In addition to the knowledge she gained from each of her projects, Gittoes said the experiences taught her about how collaborative the process of research can be. While working with the Energy Systems Analysis Group, for instance, she checked in with her mentors multiple times each day for input and advice on her project. She also played an active role in the group’s meetings, presenting her findings and asking for feedback on her ideas. She even sat in on calls with collaborators at other institutions, showing her that her work could have an impact far beyond Princeton.
“It was nice to know that the work I did went beyond our office in the Andlinger Center building,” Gittoes said. “I wasn’t just being handed a project to work on for a summer. I was encouraged to be creative in my problem-solving, and I had the space I needed to think critically about the problems I was working on.”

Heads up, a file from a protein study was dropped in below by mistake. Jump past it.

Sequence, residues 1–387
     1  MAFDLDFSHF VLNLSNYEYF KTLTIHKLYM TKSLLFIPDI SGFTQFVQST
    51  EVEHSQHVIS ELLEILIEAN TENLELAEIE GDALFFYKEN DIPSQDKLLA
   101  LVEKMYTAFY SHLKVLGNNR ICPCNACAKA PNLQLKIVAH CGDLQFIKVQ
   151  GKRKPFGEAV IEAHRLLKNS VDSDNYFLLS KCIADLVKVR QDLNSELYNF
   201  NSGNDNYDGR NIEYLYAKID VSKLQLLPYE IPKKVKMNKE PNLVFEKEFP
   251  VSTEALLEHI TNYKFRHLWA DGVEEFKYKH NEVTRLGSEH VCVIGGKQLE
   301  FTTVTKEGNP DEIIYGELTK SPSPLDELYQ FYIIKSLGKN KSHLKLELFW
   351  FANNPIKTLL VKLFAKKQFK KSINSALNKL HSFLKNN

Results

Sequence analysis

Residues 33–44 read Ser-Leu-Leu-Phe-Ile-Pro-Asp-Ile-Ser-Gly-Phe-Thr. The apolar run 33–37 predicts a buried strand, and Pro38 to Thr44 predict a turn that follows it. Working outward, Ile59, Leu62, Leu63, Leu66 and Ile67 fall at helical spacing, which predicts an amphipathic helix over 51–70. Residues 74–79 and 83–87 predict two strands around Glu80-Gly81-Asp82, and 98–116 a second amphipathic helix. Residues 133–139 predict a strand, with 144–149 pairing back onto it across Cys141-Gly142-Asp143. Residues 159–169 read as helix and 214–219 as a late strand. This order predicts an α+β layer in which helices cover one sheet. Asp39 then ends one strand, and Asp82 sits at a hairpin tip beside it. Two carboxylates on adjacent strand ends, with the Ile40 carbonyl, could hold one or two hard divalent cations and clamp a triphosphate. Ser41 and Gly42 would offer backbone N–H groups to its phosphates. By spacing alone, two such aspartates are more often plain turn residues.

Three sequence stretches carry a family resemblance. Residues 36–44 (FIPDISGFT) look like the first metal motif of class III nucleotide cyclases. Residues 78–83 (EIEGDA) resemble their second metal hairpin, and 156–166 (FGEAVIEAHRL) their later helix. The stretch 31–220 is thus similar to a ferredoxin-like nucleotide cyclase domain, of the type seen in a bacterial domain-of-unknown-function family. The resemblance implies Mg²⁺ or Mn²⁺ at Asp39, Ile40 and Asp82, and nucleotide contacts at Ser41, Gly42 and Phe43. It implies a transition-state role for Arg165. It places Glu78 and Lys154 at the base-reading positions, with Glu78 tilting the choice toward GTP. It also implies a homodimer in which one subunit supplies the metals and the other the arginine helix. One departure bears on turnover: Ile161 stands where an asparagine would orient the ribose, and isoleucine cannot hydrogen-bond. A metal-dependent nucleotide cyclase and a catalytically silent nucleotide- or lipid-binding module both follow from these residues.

Having just submitted her applications for graduate school programs in operations research across the country, Gittoes looks forward to continuing her academic career in operations research. She especially hopes to continue applying her knowledge and skills to optimize clean energy solutions.
“In my applications, I wrote a lot about wanting to apply my operations research skills to energy problems,” Gittoes said. “And I can trace that interest to experiences I’ve had and projects I’ve contributed to while being at Princeton.”
Lilianna Gittoes’ internships with the Andlinger Center for Energy and the Environment were supported by the Peter B. Lewis Fund for Student Innovation in Energy and the Environment, as well as Learning and Education in Service (LENS) funds. Gittoes’ High Meadows Environmental Institute internship was supported by the R. Gordon Douglas, Jr. `55 P86 and Sheila Mahoney S55 Fund.